diverse and special ingredients:
as I already mentioned, it required a modern rule book,
for without law and order, no economic house can exist.
Next it required a bit of imagination coupled with a healthy
dose of innovation. Then it needed a great deal of good
luck. As futures traders, all we ever asked for was maybe
a little war, some pestilence, a couple of floods, an occasional
famine. On this occasion the Almighty was very generous.
We were benefactors of a world in chaos. I daresay, if
ever one needed proof that “necessity is the mother
one need only review the economic disorders leading up to and
following the creation of the International Monetary Market.
a setting, there was, of course the breakdown of Bretton
Woods, the system of fixed exchange rates. Then on August
15, 1971, President Nixon closed the gold window, releasing
a seismic economic shock with financial reverberations
to be felt even a decade later. This precipitated unprecedented
economic disarray, which included the oil embargo of 1973.
What followed was an era of financial turmoil rarely equaled
in modern history: The U.S. dollar plunged; U.S. unemployment
reached in excess of 10 percent; oil prices skyrocketed
to $39 a barrel; the Dow Industrial Average fell to 570;
gold reached $800 an ounce; U.S. inflation climbed to 20
percent; and interest rates went even higher.
us it was a virtual paradise. These events ensured that
the IMM’s formula for successful innovation based
on necessity of the times would be a sure-fire success.
Indeed, in May of 1986, precisely 14 years after its inception,
Merton H. Miller bestowed upon the IMM a supreme and unparalleled
honor by nominating financial futures as
“the most significant financial innovation of the last
process also required people who could be molded into an
army, an army of traders—for
no one person alone could do what had to be done. They
came from all walks of life, and as I stated in Escape, they
had two common denominators: tenacity and a dream! I described
them in this little poem which I read at the IMM’s
were a bunch of guys who were hungry.
were traders to whom it did not matter-
it was eggs or gold, bellies or
British pound, turkeys or T-bills.
were babes in the woods, innocents,
a world we did not understand,
dumb to be scared.
were audacious, brazen, raucous pioneers-
unworldly to know we could not win.
the odds against us were too high;
the banks would never trust us;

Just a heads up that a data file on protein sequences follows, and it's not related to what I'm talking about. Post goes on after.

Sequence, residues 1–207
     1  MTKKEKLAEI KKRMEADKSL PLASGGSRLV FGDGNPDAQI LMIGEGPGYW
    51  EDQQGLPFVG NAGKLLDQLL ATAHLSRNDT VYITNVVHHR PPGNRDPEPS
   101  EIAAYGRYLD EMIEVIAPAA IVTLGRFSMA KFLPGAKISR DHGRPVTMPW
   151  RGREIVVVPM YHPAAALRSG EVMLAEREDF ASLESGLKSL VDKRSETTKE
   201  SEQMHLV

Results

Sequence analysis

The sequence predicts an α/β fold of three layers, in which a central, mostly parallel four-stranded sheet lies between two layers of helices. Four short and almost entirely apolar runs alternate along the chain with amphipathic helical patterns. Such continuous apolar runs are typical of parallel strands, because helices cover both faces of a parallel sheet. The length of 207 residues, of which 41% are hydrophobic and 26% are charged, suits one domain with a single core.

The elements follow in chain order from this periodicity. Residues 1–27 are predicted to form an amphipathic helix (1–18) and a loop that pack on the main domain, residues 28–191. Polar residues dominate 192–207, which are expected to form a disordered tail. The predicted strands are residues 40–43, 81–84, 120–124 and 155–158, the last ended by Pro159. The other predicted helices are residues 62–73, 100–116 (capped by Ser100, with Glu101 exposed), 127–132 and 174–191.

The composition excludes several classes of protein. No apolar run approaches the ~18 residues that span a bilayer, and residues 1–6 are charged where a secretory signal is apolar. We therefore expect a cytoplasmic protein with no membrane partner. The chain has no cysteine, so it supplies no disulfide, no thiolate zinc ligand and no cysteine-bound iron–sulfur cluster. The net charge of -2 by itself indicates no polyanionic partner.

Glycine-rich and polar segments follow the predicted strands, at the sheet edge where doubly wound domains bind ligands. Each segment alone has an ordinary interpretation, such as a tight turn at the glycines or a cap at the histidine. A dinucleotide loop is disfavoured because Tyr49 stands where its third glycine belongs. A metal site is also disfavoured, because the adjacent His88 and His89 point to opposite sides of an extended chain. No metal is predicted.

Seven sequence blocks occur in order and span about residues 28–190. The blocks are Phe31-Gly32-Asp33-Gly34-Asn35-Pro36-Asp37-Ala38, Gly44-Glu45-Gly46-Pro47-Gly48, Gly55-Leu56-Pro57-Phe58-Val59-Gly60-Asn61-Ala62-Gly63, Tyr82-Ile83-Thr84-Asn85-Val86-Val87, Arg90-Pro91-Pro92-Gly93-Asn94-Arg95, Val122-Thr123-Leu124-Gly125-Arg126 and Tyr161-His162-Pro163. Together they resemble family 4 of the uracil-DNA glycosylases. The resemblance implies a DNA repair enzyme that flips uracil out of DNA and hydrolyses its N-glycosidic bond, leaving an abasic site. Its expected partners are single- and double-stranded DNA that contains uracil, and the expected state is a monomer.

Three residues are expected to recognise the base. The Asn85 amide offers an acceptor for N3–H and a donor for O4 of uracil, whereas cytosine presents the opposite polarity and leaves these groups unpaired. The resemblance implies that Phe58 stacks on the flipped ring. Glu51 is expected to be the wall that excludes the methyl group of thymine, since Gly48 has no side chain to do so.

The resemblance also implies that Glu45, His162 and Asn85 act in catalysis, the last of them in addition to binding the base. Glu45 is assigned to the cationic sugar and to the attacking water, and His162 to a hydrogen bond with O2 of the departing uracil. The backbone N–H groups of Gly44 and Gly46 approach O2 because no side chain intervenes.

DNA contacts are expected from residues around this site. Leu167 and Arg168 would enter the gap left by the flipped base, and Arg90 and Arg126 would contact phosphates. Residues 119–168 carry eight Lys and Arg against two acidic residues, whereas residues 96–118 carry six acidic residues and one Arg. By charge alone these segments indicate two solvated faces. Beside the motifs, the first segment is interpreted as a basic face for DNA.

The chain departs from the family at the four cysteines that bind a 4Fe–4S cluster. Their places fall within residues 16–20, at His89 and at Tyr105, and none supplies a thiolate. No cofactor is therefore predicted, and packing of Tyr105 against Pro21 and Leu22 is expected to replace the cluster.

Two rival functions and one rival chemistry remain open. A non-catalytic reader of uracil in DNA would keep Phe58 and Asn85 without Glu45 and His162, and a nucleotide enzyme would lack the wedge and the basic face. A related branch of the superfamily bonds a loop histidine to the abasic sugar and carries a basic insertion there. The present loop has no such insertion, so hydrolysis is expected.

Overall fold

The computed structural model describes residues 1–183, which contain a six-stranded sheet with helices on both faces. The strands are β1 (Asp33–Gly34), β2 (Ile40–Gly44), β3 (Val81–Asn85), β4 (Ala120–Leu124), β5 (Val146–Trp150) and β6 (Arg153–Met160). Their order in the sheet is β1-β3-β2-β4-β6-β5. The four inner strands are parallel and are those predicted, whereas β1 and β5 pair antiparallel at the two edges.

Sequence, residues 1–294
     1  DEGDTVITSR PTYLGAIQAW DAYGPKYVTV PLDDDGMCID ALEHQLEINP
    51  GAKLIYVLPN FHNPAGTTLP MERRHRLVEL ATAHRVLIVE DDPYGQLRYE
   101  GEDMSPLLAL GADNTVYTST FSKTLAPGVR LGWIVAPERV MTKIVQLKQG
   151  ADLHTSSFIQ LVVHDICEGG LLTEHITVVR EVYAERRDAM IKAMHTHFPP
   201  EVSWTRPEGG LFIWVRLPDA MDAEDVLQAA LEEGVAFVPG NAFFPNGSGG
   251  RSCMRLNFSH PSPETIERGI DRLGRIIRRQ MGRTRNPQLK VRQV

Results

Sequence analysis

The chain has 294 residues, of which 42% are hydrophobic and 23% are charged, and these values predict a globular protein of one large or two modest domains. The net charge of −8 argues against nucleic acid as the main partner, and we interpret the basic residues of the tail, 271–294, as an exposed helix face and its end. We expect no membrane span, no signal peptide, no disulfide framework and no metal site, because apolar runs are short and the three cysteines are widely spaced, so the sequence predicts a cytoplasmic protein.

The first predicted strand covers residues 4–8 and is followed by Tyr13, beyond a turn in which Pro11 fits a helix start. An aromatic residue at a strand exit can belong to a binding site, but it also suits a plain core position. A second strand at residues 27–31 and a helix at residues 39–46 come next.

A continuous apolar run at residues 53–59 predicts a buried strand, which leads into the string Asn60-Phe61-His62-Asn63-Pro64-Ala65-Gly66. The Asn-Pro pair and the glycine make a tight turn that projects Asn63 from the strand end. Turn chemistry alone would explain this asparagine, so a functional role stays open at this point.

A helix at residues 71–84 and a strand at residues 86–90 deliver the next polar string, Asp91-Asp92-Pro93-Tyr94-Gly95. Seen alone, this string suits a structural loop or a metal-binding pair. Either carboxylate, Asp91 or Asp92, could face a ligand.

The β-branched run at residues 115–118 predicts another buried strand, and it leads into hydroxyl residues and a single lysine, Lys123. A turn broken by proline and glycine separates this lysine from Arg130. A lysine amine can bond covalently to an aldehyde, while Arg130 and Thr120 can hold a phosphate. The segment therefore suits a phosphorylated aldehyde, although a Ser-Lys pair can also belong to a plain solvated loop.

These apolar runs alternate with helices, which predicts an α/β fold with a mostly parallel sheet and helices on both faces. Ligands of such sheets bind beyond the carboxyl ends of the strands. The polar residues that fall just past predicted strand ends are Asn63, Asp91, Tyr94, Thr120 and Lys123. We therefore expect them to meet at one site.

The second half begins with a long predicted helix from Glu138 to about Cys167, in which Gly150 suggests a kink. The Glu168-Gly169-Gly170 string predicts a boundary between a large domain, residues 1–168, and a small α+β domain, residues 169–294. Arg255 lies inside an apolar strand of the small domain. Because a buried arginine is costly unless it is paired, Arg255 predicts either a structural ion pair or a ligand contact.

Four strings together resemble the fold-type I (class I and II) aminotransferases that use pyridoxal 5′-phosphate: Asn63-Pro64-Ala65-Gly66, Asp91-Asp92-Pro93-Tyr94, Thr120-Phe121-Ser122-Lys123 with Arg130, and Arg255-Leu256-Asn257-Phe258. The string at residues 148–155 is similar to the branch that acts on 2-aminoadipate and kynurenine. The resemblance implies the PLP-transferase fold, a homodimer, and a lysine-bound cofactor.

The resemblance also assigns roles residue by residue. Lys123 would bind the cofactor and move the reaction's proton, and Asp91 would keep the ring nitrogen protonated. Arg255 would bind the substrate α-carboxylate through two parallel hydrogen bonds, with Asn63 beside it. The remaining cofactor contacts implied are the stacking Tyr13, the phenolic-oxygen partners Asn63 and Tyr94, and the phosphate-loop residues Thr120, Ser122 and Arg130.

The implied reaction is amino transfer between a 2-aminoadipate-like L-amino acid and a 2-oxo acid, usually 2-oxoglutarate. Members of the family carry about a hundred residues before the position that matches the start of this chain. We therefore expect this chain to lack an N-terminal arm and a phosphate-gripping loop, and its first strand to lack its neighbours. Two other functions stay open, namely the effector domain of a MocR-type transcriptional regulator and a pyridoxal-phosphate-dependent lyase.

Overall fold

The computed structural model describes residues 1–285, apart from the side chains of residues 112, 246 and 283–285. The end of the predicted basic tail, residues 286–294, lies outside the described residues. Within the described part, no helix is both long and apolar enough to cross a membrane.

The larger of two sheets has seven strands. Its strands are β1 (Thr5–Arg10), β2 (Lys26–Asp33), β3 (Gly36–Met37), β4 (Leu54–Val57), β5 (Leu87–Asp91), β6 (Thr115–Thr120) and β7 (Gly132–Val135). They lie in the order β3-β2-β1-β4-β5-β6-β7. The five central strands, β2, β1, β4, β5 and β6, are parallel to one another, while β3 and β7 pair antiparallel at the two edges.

the government would never let us;
Chicago was the wrong place.
final ingredient was a tribute to my parents’ equality
ideal. The markets we built epitomized Schiller’s Alle
Menchen Seinen Breeder. No,
it is not utopia yet, but I know of no other private sector
establishment that is more free of human prejudice and
less concerned with race, gender, or religion than are
the free market structures of American finance.
tonight’s master of ceremonies, Terry Savage, is
a first-class example of the Merc’s nondiscrimination
ideology—and living proof of the equality between
genders. In 1967, one of my first actions was to expunge
the discriminatory rule at the Merc which prohibited floor
participation by females. Terry was one of the early women
to come to our pits, hold her ground with the male traders,
and learned economics from the bottom up. As I stated in
the book, Terry was smart enough to parlay her acquired
trading skills into a career as a superb national business
newscaster. Similarly, my personal friend and former bridge
partner Carol (Mickey) Norton, who was the first lady trader
at the IMM—indeed, the first in futures markets.
She too never gave an inch in the male-dominated world
of futures, and became one of the outstanding traders of
in our markets, the trophy goes not to the Catholic or
the Jew, not to the white or the black, not to the man
or the woman, it goes to those who understand the economic
principles of supply and demand. No, it is not utopia yet,
but in Chicago’s financial markets it is not what
you are—your personal pedigree, your family origin,
your physical infirmities, your gender—but your ability
to determine what the customer wants and where the market
is headed. Little else matters.
an eight-year old sitting on that Trans-Siberian train
and staring out the window for days on end, I could no
more imagine the course my life would take—that I
would escape to the futures—than I can today discern
what the world will be like, say, 50 years from now. We
are all captives of events and circumstances over which
we have so little control. In my case, fortune was most
generous. It offered me the opportunity to partake in the
American miracle. And if this refugee has in any small
way contributed to the precepts of Thomas Jefferson and
principles of Adam Smith, he is humbled, but it
is not to his credit. He is after all but a product of
his parents, his education, and his experiences.